Thankfully, Jada McKenzie-Moore is homeschooled. Otherwise, the 12-year-old Aldergrove girl would be hard pressed to find the time necessary to also juggle her quest for stardom.
The flexible schedule has allowed Jada to pursue her passion for the arts, as a singer, actor, and dancer.
After making it to the top six in the BC Junior Talent Show, top three in the International Village children's talent competition, top 10 in the PNE Star Showdown, and most recently in the top six of the YTV's Virtual Next Star, Jada's made the shortlist in another talent contest happening in Richmond at 8 p.m. on Friday night.
She's a top 13 finalist in the inaugural Summer Night Market Idol contest on Friday, Sept. 14. The top six will be picked, and Jada is hoping to make the cut.
Jada first stepped into the entertainment world in 2010, when she took her first lead role in the musical Pandora's Box, and since then has been in Beauty and the Beast, A Christmas Carol, Hello Dolly, and joins the cast of the Arts Club's production of White Christmas this fall.
In addition, Jada has acted in 11 short films, done voice-over for a cartoon, and most recently a soundtrack for a movie. She's acted in commercials, been in two music videos, and even dabbled in some modelling.
Artist goes big
Fort Langley Artists Group closed out its season and subsequently closed the doors of the FLAGstop Gallery this month with their traditional "paint in" at the heritage society's CN train station on Sept. 3.
Of the dozen or so different artist in attendance, local painter Judy Vanderveen was among them.
She set up six huge panels, a farm mural that drew the attention of many in the Fort Langley village that day. It's an ongoing project, she said, that could take months to finish.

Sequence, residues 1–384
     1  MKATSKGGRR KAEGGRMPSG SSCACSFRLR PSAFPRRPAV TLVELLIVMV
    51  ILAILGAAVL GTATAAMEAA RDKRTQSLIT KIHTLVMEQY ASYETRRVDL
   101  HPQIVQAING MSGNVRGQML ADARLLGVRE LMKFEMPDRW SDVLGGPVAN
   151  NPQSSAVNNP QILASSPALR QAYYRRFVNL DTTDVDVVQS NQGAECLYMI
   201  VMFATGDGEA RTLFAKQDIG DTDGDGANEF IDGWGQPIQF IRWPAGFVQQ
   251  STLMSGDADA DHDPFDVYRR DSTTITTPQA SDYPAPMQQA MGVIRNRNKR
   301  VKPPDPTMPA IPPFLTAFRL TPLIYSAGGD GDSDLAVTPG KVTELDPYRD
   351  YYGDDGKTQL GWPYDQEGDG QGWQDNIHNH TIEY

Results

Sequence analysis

The paint depicts a scene from the Douglas Lake Ranch in Merritt during the fall.
As fellow artist Robin Bandenieks suggested, Vanderveen's painting would make a great backdrop to the life-sized Horsin' Around Langley fibreglass horses that are being painted and placed around the community through a Langley Arts Council initiative.
The paint will be exhibited and worked on during the upcoming Langley Artist Studio Tour happening Sept. 22 and 23, and 29 and 30, at Bandenieks' Aldergrove studio.
In the meantime, the FLAGstop Gallery will reopen in May 2013.
Orchestra on stage
There are a few different events night in Langley that revolve around music in the coming days.
For instance, the Kiev Symphony Orchestra and Chorus, under the direction of Dr. Wes Janzen, will be presenting a concert of sacred music and stories of God's grace at the Christian Life Assembly Church on Saturday, Sept. 15, starting at 7 p.m.
Janzen, who is on leave from Langley's Trinity Western University, has been director of choral activities at TWU since 1981. He is directing this orchestra presentation, which will feature 90 artists - 45 instrumentalists and 45 singers from Kiev.